|PHILLY BOXING HISTORY July 05, 2011||
Heroes Never Die:
By George H. Hanson Jr., Esq.
With a sprained left ankle from an injury in the boxing ring, I slowly and gingerly, with cane in hand, climbed the 15 steps to get to the gym’s second floor. I looked up as I made it through the door and immediately noticed the painting of James "Black Gold" Shuler on the brick wall peering across the ring straight into my eyes. From the day the James Shuler Memorial Gym opened in West Philadelphia back in 1994, I wanted to come and pay my respects. However, it took almost 17 years to finally garner the courage to visit Shuler—one of my heroes and an extraordinary human being.
Here it was noon on a Saturday and I made the trip over with Charles Ramey, my old trainer, and his fighter, Philip "The Mongoose" McCants, who is scheduled to fight on the undercard of Paul Williams’ comeback fight Saturday, July 9that Boardwalk Hall in Atlantic City.
Ramey had brought McCants here on numerous occasions to get some "work" or sparring against the cadre of contenders, prospects and just tough Philly fighters who call this place home.
I recall that fateful Monday, March 17, 1986 when I heard that James "Black Gold" Shuler had been killed in a motorcycle accident. Numb with disbelief, the tears started flowing as I tried to accept that he was no longer with us. Shuler was omnipresent at amateur shows and tournaments, making his way back to the locker room and wishing all of us young pugilists good luck. After one of my fights, he paid me the highest compliment. When walking out the ring, he said, "Man, you fight like Tommy Hearns." I don’t know if I walked back to the dressing room or levitated, but I was on cloud nine. It didn’t matter that I had won the amateur fight because a compliment from James Shuler was like winning the lottery. I still have the old VHS tape of him shaking my hand in the ring before the bout.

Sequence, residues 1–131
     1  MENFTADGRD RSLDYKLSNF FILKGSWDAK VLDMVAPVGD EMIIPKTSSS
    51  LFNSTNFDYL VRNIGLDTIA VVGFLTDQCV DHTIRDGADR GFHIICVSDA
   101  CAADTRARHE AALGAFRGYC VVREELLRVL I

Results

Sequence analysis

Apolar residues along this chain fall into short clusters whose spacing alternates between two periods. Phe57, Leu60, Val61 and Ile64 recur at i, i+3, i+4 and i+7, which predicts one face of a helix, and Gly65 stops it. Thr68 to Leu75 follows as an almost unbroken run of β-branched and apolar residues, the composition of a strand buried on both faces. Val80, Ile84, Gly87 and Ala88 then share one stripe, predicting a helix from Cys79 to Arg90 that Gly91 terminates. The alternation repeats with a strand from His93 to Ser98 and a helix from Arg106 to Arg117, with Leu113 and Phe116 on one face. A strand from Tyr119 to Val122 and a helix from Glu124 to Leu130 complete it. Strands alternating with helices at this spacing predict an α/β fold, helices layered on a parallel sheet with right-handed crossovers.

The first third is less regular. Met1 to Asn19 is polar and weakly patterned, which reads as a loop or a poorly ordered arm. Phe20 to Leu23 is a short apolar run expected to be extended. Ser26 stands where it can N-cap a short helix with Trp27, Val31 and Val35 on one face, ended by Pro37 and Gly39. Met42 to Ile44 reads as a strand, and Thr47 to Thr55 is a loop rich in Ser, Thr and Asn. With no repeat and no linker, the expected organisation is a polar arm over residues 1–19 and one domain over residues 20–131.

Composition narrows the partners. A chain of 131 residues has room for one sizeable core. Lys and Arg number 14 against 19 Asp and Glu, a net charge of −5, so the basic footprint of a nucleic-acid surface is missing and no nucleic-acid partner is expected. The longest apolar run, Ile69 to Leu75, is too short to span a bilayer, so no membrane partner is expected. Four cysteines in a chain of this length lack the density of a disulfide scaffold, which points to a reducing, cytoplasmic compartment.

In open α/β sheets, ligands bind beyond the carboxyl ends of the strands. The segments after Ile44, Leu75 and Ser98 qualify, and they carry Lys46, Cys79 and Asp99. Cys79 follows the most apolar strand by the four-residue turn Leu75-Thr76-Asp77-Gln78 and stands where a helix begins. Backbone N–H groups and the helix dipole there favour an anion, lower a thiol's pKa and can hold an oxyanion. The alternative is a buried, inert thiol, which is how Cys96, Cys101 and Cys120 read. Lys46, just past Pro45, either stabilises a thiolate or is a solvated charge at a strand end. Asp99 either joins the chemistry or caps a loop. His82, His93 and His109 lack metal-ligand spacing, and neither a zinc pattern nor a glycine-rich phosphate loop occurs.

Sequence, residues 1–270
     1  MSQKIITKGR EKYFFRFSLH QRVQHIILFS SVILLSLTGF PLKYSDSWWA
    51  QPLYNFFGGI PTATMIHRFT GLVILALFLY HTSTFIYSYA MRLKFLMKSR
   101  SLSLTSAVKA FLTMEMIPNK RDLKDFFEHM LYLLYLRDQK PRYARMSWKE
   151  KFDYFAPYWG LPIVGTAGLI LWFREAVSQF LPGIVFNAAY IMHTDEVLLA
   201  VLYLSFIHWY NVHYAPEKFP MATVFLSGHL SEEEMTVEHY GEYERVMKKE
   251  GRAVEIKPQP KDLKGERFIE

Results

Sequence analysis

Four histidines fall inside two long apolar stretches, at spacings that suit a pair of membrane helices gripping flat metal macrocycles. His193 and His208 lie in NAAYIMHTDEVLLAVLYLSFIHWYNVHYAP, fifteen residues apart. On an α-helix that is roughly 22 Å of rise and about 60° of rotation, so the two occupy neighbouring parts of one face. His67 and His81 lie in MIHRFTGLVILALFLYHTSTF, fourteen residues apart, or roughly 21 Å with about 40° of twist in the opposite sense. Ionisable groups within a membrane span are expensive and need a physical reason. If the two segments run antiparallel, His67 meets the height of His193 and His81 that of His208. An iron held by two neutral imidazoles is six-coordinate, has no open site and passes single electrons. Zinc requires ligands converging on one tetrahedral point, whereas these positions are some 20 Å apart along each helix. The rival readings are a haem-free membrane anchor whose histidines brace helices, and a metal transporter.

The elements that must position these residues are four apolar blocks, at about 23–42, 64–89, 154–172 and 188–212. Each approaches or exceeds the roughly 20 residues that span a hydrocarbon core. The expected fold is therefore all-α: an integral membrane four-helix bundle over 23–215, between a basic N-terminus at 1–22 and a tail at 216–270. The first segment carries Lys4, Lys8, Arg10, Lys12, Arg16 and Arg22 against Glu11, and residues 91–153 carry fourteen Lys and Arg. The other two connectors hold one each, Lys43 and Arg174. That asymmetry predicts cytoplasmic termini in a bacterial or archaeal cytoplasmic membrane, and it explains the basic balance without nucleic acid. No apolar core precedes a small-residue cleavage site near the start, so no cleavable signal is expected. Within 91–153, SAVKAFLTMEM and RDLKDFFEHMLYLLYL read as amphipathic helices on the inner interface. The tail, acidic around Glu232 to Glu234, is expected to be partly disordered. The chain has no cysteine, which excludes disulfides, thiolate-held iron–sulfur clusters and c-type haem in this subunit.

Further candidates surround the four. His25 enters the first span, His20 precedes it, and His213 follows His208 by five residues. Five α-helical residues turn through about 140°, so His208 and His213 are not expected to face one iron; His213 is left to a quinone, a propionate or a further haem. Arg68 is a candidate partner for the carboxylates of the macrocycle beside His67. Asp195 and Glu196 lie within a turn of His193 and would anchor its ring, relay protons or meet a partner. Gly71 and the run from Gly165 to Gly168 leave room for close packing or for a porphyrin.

I limped over and sat on the ring apron, taking a deep breath I noticed that there was another painting and a poster-sized picture of James Shuler adorning the right wall of the gym. Pristine and spacious, the gym had a 20-foot ring smack dab in the center, at one end were three heavy bags with a large rubber mat secured and covering the area, and at the other end were two treadmills or running machines, weight benches and dumbbells of various sizes. Adoring the perimeter was an area for shadow boxing, a jab bag and an uppercut bag. To the far right, past the lockers, was the bathroom equipped with two showers, three stalls and two urinals with the rules of the gym posted for all to read. Oh yeah, I forgot to mention the two full-size standing scales. Owner and head-trainer Percy "Buster" Custus could not have honored his friend any better. This gym was literally a living and breathing monument with Shuler watching from the walls with his almond-shaped eyes following you around the gym from any given vantage point.